Can Apple’s Family-Friendly Originals Strategy Succeed?Tuesday, September 25, 2018, 11:05 AM ET|Posted by Will Richmond
A fascinating article in the WSJ over the weekend described the lengths to which Apple is going to maintain a family-friendly strategy for its original TV shows. The article describes how CEO Tim Cook personally screened “Vital Signs” about Dr. Dre and nixed it for being too violent. It also says that producers Jamie Erlicht and Zach Van Amburg, whom Apple hired in June, 2017, spend significant time winning approval from Cook and SVP Eddy Cue for any new projects.
None of this is surprising, as Apple seeks to balance its desire to move into the entertainment business while not causing any damage to its gold-plated brand. Where a TV network can cultivate creativity and push the envelope with a new show with little downside, Apple risks harming sales of its devices if audiences feel an Apple original is discordant with the company’s brand.
The issue of course is that by constraining itself this way, Apple may end up producing shows that have limited appeal to audiences who have been trained to expect ever edgier programming from SVOD providers and cable TV networks. In the old days this kind of programming (whether featuring nudity, violence, profanity, grittiness, etc.) was the province of HBO and Showtime primarily. But now it is commonplace (think “Breaking Bad” on AMC for example). Audiences have come to believe that practically wherever they turn they’ll have R-type choices.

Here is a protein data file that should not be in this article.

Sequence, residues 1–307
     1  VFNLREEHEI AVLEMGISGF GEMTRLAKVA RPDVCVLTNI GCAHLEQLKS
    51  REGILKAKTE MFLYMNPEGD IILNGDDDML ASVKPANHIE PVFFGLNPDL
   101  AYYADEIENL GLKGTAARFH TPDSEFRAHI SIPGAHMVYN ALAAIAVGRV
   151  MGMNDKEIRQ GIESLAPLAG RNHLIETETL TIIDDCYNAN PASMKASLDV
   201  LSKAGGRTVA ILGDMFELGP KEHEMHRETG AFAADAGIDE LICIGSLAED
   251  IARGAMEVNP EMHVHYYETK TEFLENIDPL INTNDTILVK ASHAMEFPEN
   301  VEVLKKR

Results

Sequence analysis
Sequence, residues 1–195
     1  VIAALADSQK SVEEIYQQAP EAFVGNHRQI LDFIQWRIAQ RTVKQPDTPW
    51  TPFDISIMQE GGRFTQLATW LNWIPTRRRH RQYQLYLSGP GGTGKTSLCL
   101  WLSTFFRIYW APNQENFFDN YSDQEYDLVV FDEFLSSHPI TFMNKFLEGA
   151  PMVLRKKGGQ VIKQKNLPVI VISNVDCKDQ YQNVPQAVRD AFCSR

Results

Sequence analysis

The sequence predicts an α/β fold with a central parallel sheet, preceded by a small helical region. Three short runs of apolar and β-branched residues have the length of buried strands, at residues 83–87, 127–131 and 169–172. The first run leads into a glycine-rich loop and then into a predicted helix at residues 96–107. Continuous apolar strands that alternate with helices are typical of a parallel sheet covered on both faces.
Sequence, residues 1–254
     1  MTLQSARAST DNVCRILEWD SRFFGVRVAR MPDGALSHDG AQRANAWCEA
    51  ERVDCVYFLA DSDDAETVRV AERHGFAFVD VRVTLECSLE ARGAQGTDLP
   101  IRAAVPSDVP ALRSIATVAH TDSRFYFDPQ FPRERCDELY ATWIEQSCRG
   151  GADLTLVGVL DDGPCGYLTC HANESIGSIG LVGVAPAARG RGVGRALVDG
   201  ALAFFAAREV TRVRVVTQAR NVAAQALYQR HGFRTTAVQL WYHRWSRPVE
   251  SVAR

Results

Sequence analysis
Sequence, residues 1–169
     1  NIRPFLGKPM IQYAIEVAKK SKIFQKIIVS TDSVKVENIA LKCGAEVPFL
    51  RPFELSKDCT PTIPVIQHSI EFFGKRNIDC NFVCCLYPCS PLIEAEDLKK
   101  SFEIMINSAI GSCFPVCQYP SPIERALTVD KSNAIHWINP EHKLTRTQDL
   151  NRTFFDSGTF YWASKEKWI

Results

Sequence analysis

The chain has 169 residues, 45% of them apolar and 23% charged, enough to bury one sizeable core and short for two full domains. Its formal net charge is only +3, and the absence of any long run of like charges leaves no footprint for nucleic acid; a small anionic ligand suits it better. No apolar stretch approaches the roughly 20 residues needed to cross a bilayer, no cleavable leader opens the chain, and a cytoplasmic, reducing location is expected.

So for Apple to eschew these kinds of programs means it will occupy a more limited place in the market. That in turn will limit the purpose of Apple’s originals in the first place - to get Apple customers to spend more time with the brand and presumably more money (though Apple’s monetization plans for its originals remain murky). Compounding Apple’s challenge is that there’s never been more high-quality originals to choose from in the “peak TV” era. By FX’s count, nearly 500 originals will be produced this year.
I’ve been modestly skeptical about Apple’s decision to spend $1 billion on originals from the beginning, mainly because it’s never been readily apparent what the business model will be or whether it would have much incremental impact for the company. Now with the emphasis on G or at best PG-related programming, in a world increasingly defined by R type of fare, Apple’s place in the highly competitive entertainment industry seems even more uncertain. It will be interesting to see how this all unfolds.
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